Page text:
Transcutaneous electrical nerve stimulation and acupuncture for primary dysmenorrhoea

M L Proctor, C A Smith, C M Farquhar, R W Stones

Research output: Contribution to journalArticlepeer-review

196 Citations (Scopus)

Abstract

Dysmenorrhoea is the occurrence of painful menstrual cramps of the uterus. Medical therapy for dysmenorrhoea commonly consists of nonsteroidal anti-inflammatory drugs or the oral contraceptive pill both of which work by reducing myometrial (uterine muscle) activity. However, these treatments are accompanied by a number of side effects, making an effective non-pharmacological method of treating dysmenorrhoea of potential value. Transcutaneous electrical nerve stimulation (TENS) is a treatment that has been shown to be effective for pain relief in a variety of conditions. Electrodes are placed on the skin and electric current applied at different pulse rates (frequencies) and intensities is used to stimulate these areas so as to provide pain relief. In dysmenorrhoea. TENS is thought to work by alteration of the body's ability to receive or perceive pain signals rather than by having a direct effect on the uterine contractions. Acupuncture may also be indicated as a useful, non-pharmacological method for treating dysmenorrhoea. Acupuncture is thought to excite receptors or nerve fibres which, through a complicated interaction with mediators such as serotonin and endorphins, blocks pain impulses. Acupuncture typically involves penetration of the skin by fine, solid metallic needles, which are manipulated manually or by electrical stimulation.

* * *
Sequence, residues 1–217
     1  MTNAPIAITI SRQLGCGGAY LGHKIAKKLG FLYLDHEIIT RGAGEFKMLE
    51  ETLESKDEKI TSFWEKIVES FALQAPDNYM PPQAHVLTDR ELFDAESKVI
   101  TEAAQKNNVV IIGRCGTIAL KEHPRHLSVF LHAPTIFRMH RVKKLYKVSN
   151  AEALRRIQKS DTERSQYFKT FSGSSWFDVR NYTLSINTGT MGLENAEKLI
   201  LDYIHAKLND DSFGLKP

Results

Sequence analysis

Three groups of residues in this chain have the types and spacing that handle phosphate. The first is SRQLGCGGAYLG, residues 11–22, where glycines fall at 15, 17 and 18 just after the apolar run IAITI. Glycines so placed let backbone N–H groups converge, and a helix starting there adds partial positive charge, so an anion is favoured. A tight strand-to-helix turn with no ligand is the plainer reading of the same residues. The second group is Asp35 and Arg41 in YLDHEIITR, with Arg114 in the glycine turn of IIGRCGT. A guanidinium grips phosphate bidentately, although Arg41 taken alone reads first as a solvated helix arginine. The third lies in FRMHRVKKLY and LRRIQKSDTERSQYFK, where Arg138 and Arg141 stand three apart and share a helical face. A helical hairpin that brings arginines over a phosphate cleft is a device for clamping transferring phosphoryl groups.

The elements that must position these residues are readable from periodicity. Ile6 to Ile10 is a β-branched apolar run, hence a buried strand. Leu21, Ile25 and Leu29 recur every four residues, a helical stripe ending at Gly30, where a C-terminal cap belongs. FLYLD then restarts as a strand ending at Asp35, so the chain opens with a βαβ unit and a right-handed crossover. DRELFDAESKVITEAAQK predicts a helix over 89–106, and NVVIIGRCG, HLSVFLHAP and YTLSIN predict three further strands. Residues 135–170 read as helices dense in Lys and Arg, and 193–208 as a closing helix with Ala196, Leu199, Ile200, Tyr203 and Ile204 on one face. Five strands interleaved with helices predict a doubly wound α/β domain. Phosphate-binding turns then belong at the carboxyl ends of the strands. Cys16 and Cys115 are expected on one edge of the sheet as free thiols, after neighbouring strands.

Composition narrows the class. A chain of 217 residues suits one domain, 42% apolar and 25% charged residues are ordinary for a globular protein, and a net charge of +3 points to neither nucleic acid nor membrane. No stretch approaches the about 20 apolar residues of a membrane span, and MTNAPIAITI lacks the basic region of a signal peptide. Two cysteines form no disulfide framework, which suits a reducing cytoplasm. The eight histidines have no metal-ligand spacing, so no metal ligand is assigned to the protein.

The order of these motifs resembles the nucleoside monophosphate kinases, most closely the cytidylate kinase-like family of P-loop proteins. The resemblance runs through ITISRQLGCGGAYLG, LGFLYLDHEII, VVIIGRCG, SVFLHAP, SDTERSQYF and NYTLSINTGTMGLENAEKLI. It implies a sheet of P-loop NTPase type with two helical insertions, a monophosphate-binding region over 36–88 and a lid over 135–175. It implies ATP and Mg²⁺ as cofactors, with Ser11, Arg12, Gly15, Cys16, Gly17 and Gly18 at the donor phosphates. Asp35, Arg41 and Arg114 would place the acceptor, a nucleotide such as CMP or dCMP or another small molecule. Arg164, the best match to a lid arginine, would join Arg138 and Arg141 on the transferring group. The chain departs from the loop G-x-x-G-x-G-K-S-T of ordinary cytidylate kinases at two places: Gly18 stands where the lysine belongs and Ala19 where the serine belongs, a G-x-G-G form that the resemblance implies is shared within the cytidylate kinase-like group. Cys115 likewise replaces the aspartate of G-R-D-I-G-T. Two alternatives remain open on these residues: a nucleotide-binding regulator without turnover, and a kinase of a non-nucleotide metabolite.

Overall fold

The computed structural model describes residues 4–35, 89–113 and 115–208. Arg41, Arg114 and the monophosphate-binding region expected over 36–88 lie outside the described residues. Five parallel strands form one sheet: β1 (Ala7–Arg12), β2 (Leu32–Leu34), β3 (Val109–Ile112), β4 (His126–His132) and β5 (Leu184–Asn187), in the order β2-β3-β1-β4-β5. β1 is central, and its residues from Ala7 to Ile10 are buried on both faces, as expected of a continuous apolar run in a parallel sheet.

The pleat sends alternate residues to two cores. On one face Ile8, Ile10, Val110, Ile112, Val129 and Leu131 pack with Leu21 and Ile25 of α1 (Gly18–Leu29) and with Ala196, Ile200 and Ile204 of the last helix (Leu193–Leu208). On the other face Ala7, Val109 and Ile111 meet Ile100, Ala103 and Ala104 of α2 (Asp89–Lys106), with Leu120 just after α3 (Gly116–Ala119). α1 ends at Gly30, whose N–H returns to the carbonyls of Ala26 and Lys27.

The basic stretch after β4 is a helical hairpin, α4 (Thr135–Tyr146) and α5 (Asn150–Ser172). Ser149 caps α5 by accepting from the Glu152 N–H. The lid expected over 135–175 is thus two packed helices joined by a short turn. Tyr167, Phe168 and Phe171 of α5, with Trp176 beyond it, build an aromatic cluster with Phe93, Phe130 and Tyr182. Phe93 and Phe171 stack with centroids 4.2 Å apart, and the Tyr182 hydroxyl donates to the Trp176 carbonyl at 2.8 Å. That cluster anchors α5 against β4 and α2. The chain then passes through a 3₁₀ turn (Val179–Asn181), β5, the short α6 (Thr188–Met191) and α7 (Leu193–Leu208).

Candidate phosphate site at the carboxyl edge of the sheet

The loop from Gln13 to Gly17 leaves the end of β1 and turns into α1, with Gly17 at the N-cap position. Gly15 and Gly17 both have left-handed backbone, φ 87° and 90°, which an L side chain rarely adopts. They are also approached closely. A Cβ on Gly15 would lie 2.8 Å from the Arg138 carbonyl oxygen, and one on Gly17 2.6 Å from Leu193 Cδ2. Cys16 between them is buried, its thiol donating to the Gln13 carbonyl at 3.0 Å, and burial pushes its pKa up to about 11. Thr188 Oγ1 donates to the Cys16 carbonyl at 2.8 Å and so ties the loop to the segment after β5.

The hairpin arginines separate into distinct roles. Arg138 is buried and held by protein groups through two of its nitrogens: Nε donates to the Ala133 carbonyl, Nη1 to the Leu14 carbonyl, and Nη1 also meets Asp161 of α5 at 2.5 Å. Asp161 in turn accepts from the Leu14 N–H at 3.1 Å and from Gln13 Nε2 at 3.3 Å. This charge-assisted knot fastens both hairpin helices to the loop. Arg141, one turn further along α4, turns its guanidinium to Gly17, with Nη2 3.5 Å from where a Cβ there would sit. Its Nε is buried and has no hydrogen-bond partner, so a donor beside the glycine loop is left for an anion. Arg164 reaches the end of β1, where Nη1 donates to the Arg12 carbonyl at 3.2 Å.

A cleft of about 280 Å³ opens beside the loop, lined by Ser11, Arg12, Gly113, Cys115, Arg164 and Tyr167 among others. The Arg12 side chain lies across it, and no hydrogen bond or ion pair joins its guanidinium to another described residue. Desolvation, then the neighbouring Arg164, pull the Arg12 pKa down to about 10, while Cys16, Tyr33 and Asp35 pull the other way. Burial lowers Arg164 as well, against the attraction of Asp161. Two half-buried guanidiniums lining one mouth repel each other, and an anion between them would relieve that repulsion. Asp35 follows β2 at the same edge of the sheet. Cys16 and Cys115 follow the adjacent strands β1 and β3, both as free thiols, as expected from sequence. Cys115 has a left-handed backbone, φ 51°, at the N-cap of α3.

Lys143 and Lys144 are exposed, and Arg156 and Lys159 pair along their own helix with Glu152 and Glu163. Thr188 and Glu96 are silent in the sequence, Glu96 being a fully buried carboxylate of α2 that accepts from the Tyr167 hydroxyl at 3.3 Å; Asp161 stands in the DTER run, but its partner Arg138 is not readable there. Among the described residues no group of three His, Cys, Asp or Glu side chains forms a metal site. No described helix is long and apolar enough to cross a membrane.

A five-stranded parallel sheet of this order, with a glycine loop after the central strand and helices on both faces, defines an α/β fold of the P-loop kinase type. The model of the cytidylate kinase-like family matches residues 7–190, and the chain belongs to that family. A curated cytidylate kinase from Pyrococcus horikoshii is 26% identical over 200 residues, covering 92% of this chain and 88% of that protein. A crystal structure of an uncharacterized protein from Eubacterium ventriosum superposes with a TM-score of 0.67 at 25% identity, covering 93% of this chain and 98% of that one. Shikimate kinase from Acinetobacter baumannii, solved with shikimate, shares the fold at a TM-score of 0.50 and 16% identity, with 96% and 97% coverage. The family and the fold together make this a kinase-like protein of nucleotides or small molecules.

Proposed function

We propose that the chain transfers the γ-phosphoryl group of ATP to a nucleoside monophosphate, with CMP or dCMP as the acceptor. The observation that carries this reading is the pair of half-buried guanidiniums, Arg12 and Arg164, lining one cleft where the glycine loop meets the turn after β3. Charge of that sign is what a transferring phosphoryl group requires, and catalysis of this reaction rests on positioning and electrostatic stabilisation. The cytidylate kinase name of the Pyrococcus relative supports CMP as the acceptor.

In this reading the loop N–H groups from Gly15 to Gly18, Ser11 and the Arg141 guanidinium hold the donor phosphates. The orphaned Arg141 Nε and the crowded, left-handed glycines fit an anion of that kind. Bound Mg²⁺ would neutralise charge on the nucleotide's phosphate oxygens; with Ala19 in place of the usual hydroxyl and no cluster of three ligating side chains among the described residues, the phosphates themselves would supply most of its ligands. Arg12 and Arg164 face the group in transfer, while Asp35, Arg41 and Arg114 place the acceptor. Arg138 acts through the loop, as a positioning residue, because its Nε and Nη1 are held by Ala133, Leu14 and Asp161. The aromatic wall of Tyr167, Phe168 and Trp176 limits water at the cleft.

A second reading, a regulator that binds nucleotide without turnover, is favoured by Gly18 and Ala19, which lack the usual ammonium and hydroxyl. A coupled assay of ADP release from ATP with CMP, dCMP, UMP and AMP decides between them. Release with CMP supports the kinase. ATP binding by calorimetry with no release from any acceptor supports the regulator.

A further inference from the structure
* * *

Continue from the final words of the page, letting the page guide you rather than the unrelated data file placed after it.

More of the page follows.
Original languageEnglish
Pages (from-to)CD002123
JournalCochrane Database of Systematic Reviews
Issue number1
DOIs
Publication statusPublished - 2002

Keywords

  • Acupuncture Therapy
  • Dysmenorrhea
  • Female
  • Humans
  • Randomized Controlled Trials as Topic
  • Transcutaneous Electric Nerve Stimulation

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